Full Title: Energy: Federal Support for Renewable and Advanced Energy Technologies
Author(s): U.S. Government Accountability Office
Publisher(s): U.S. Government Accountability Office
Publication Date: 4/2013
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This statement presents highlights from two reports related to federal support of renewable and advanced energy technologies.
The first report discusses GAO’s broad review of federal wind-related initiatives. In summary, GAO identified 82 federal wind-related initiatives implemented by nine agencies in fiscal year 2011. Most of these initiatives supported deployment of wind facilities and, of these, GAO identified 7 that provided duplicative support–financial support from multiple initiatives to the same recipient for deployment of a single project. These 7 initiatives included tax expenditures, grants, loans, and loan guarantee programs and were implemented by the Departments of the Treasury, Energy (DOE), or Agriculture (USDA). In many cases, wind project developers combined the support of more than one Treasury initiative and, in some cases, received additional support from smaller DOE or USDA grant or loan guarantee programs. Of the 7 initiatives, those implemented by Treasury accounted for more than 95 percent of the federal financial support for wind in fiscal year 2011, based on available estimates from Treasury and the Joint Committee on Taxation. In addition to these 7 initiatives, GAO identified 3 other DOE or USDA initiatives that did not actually fund any wind projects in fiscal year 2011 but that could be combined with one or more other federal initiatives to provide duplicative support in the future based on the types of projects eligible for their support.
DOE and USDA have discretion—to the extent allowed by their statutory authority—over the projects they support, and Treasury supports projects based on the tax code’s eligibility criteria and generally does not have discretion to allocate support to projects. DOE and USDA have used their discretion to allocate support based on projects’ ability to meet initiative goals, such as reducing emissions or benefitting rural communities, as well as other criteria, such as financial and technical feasibility. According to agency officials and program guidance, DOE and USDA also consider applicant need for their initiatives’ support, in some cases. However, neither DOE nor USDA officials provided documentation that indicated how information they collected or examined about applicant need influenced their decisions on whether to provide support, or how much support to provide, under their initiatives for specific projects. As a result, the extent to which applicant need influenced agency decisions is unclear. Whether initiatives’ incremental support was always needed for wind projects to be built is also unclear. According to agency officials and financial professionals active in the wind energy industry, the incremental support provided by each initiative may be necessary, in many cases, for wind projects to be built. However, because agencies do not document assessments of projects’ need for support, it is sometimes unclear if the entire amount of federal support provided was necessary.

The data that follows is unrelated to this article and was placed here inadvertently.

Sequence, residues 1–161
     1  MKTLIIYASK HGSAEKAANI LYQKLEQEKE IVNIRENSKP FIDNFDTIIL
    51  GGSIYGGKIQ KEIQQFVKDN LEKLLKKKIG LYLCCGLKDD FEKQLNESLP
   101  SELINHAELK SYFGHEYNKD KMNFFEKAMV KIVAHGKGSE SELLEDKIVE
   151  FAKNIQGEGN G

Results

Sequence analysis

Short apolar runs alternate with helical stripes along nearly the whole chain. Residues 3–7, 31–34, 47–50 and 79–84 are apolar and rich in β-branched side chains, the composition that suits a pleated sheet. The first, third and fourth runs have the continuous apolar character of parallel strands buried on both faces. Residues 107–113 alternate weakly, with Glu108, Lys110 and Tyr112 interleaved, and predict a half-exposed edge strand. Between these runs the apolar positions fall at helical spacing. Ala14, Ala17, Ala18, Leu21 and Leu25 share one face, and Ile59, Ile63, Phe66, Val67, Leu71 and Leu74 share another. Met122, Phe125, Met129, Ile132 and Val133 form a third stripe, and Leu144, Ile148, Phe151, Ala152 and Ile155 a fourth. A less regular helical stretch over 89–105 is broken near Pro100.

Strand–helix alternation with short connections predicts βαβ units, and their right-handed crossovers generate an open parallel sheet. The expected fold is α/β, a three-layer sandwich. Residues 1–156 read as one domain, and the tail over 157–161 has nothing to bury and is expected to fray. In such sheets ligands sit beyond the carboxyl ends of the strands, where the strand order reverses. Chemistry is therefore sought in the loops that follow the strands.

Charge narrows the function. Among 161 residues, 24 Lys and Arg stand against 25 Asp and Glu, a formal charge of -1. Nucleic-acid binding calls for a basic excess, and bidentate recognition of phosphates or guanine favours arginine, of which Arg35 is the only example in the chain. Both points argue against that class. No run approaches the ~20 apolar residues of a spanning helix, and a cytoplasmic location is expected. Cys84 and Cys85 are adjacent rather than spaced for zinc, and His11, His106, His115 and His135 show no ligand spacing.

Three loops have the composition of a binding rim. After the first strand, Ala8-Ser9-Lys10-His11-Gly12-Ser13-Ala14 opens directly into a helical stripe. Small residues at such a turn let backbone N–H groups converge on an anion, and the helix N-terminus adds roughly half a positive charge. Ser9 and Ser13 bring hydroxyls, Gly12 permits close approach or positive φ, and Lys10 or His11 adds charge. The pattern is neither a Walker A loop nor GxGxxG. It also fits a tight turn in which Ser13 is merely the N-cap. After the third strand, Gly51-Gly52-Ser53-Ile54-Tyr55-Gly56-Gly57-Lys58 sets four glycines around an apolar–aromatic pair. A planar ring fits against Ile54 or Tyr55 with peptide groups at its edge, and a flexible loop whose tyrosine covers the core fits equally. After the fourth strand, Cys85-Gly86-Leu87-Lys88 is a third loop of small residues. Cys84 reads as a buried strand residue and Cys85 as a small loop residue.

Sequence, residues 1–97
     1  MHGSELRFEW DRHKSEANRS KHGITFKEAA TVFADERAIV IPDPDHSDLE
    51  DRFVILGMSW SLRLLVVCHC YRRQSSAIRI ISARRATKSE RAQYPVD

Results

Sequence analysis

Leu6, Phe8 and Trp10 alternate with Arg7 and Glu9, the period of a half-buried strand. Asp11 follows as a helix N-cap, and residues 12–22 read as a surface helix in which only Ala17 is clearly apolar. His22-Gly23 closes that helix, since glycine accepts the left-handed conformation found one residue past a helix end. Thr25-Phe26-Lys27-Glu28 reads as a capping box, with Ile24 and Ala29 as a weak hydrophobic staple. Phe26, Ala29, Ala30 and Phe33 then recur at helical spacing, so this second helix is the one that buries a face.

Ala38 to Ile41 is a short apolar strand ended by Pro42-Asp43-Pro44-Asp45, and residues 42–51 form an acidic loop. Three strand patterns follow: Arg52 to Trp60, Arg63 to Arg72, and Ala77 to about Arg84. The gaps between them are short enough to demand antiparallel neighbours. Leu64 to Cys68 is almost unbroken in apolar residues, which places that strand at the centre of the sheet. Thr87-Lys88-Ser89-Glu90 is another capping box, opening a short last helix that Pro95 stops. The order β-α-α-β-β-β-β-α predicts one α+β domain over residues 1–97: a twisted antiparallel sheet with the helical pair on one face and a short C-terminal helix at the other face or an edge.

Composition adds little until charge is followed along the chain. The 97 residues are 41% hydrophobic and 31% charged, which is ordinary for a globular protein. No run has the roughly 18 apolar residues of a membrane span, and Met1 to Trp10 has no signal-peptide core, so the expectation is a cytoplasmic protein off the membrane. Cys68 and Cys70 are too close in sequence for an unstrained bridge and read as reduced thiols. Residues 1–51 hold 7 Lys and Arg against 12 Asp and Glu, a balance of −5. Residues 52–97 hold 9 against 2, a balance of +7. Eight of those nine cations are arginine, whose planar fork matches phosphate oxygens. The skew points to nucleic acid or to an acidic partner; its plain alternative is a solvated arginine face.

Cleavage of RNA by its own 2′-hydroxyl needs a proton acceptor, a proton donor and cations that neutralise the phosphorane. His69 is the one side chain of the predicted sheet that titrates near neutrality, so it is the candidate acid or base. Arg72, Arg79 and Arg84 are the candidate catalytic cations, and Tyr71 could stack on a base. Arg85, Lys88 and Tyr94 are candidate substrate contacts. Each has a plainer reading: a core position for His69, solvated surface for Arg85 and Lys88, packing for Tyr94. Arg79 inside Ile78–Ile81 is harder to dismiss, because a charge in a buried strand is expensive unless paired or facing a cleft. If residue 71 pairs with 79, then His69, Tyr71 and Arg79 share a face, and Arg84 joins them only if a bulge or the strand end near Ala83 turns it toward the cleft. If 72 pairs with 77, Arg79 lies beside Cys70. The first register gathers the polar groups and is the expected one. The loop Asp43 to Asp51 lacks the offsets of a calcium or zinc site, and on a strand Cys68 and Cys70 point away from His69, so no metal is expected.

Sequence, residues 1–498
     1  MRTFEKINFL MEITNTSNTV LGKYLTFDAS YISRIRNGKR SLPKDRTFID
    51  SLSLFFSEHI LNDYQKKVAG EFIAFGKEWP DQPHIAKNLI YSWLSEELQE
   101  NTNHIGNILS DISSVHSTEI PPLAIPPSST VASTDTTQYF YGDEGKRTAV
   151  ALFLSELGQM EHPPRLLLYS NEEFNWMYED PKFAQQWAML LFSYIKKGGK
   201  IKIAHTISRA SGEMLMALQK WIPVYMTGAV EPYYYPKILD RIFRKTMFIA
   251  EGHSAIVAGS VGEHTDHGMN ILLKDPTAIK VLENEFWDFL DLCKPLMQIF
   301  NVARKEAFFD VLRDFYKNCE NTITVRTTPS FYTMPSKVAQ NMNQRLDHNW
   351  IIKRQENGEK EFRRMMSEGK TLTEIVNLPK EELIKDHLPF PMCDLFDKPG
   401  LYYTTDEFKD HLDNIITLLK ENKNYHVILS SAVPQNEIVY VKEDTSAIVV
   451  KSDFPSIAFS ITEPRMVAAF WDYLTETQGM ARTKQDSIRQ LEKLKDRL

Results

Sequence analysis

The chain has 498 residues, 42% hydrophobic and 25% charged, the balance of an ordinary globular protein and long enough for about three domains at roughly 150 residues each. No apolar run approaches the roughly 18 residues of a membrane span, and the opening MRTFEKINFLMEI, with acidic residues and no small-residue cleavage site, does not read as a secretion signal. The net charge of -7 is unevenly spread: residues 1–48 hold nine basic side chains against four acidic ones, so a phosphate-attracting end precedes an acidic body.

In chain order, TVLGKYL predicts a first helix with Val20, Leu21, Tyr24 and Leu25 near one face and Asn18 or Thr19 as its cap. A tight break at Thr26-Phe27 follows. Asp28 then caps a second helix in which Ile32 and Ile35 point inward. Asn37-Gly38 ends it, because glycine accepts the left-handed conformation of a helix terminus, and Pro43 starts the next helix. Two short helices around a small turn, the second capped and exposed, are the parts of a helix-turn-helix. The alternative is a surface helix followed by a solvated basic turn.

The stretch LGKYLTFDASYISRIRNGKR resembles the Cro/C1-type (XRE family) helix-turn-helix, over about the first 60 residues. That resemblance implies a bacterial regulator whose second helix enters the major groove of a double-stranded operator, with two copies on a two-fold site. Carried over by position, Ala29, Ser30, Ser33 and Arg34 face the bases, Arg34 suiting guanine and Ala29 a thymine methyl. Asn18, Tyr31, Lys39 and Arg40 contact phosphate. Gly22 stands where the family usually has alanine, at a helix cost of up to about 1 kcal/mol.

The second report discusses GAO’s review of the status of DOE’s efforts to use its remaining loan and loan guarantee authorities and remaining credit subsidy appropriations to support projects under its Title XVII Innovative Technology Loan Guarantee Program (LGP)and Advanced Technology Vehicles Manufacturing (ATVM) loan program. As of January 29, 2013, DOE was considering using $15.1 billion of the $34.8 billion in remaining loan guarantee authority for loan guarantees requested by 13 active LGP applications. According to DOE officials, the agency planned to use all of the remaining $170 million in credit subsidy appropriations to support active applications for energy efficiency and renewable energy projects. DOE considered an additional 27 LGP applications requesting a total of $73 billion to be inactive. The loan guarantee authority and credit subsidy appropriations do not expire.
In addition, as of January 29, 2013, DOE was not actively considering any applications for using the remaining $16.6 billion in loan authority or $4.2 billion in credit subsidy appropriations available under the ATVM loan program. DOE considered the seven ATVM loan program applications it has, requesting a total of $1.48 billion, to be inactive for reasons including insufficient equity or technology that is not ready. Most applicants and manufacturers we spoke with told us that, currently, the costs of participating outweigh the benefits. Although the ATVM loan program is accepting applications on an ongoing basis, according to DOE officials, DOE is not likely to use the remaining ATVM loan program authority given the current eligibility requirements. As with the LGP, the loan authority and credit subsidy appropriations for ATVM do not expire.